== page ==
>   - optionally, convert kernel components to the new (BT) functions
>     where this makes sense (e.g. we can exploit the finer-granularity
>     of the new calls, etc.)

> cheers
> luigi
>  1) callout(9) is not anymore constrained to the resolution a periodic
>> "hz" clock can give. In order to do that, the eventtimers(4) subsystem
>> is used as backend.
>> 2) Conversely from what discussed in past, we maintained the callwheel
>> as underlying data structure for keeping track of the outstading
>> timeouts. This choice has a couple of advantages, in particular we can
>> still take benefits from the O(1) average complexity of the wheel for
>> all the operations. Also, we thought the code duplication that would
>> arise from the use of a two-staged backend for callout (e.g. use wheel
>> for coarse resolution event and another data structure, such as an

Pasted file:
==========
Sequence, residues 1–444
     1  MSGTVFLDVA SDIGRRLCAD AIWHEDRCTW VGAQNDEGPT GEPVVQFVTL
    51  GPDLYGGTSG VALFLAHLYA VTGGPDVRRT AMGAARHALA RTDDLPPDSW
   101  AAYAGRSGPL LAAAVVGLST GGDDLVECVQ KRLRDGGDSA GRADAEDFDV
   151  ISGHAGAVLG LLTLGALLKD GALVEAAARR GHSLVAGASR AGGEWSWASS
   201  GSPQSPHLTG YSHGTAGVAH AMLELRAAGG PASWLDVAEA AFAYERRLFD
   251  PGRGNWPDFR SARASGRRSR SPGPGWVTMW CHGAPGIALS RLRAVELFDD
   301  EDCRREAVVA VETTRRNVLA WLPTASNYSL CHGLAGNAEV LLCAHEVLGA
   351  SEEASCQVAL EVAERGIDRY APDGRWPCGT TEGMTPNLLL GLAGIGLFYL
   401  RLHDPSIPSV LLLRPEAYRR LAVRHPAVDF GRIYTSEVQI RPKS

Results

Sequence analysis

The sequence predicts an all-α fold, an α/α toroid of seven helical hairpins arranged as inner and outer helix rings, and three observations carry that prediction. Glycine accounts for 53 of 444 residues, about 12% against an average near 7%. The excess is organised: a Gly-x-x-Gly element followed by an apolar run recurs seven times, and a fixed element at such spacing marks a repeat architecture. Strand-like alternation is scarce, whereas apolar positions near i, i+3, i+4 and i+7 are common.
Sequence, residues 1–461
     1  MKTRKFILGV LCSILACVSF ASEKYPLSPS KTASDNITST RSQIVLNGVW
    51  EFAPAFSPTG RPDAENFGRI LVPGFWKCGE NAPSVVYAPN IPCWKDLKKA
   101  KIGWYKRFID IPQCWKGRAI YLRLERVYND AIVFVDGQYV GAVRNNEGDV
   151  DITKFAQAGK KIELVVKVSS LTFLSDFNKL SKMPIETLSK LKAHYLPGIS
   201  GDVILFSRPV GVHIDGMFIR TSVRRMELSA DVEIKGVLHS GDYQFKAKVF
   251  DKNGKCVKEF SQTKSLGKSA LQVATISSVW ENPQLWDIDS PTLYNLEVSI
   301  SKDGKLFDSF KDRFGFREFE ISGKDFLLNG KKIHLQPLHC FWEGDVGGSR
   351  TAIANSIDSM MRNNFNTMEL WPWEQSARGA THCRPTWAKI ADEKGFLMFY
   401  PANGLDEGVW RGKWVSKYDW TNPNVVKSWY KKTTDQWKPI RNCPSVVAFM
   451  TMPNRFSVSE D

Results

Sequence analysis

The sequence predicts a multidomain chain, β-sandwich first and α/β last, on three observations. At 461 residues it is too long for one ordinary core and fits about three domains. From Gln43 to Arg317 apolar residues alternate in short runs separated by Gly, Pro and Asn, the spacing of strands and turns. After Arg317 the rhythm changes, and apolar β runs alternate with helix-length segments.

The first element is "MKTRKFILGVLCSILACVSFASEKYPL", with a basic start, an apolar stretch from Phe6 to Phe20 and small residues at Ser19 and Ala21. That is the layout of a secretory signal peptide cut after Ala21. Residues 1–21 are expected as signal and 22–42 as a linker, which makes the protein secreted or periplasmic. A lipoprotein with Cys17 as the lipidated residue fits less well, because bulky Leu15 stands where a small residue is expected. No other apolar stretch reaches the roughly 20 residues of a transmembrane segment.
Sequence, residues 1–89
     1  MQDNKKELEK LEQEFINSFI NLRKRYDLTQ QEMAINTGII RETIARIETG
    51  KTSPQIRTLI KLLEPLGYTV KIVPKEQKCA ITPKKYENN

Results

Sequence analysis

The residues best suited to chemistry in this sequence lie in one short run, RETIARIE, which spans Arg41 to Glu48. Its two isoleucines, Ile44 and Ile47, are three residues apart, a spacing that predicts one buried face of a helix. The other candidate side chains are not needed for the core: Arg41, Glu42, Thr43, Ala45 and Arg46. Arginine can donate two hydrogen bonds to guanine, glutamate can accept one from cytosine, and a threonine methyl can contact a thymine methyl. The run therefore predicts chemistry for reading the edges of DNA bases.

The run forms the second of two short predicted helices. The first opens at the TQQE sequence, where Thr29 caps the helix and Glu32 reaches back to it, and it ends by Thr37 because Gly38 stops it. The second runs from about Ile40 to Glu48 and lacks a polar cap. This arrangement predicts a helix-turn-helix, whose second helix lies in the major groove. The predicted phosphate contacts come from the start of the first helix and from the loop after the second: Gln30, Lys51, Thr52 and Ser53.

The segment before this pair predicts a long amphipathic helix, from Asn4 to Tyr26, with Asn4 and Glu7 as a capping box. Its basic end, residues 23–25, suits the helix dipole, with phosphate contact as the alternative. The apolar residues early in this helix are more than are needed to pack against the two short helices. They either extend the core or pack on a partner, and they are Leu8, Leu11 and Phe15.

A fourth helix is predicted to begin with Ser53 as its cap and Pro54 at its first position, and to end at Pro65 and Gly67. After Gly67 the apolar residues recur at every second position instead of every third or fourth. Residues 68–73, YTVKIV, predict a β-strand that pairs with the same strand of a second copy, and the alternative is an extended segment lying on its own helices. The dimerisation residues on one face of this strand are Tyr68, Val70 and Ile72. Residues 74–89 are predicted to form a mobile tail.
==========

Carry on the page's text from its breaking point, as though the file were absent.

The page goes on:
>> heap for high resolution events), is unacceptable. In fact, as long as
>> callout gained the ability to migrate from a cpu to another having a
>> double backend would mean doubling the code for the migration path.
>> 3) A way to dispatch interrupts from hardware interrupt context has
>> been implemented, using special callout flag. This has limited
>> applicability, but avoid the dispatching of a SWI thread for handling
>> specific callouts, avoiding the wake up of another CPU for processing
>> and a (relatively useless) context switch
>> 4) As long as new callout mechanism deals with bintime and not anymore
>> with ticks, time is specified as absolute and not relative anymore. In
>> order to get current time binuptime() or getbinuptime() is used, and a
>> sysctl is introduced to selectively choose the function to use, based
>> on a precision threshold.
>> 5) A mechanism for specifying precision tolerance has been
>> implemented. The callout processing mechanism has been adapted and the
>> callout data structure augmented so that the codepath can take
>> advantage and aggregate events which overlap in time.
>> The new proposed KPI for callout is the following: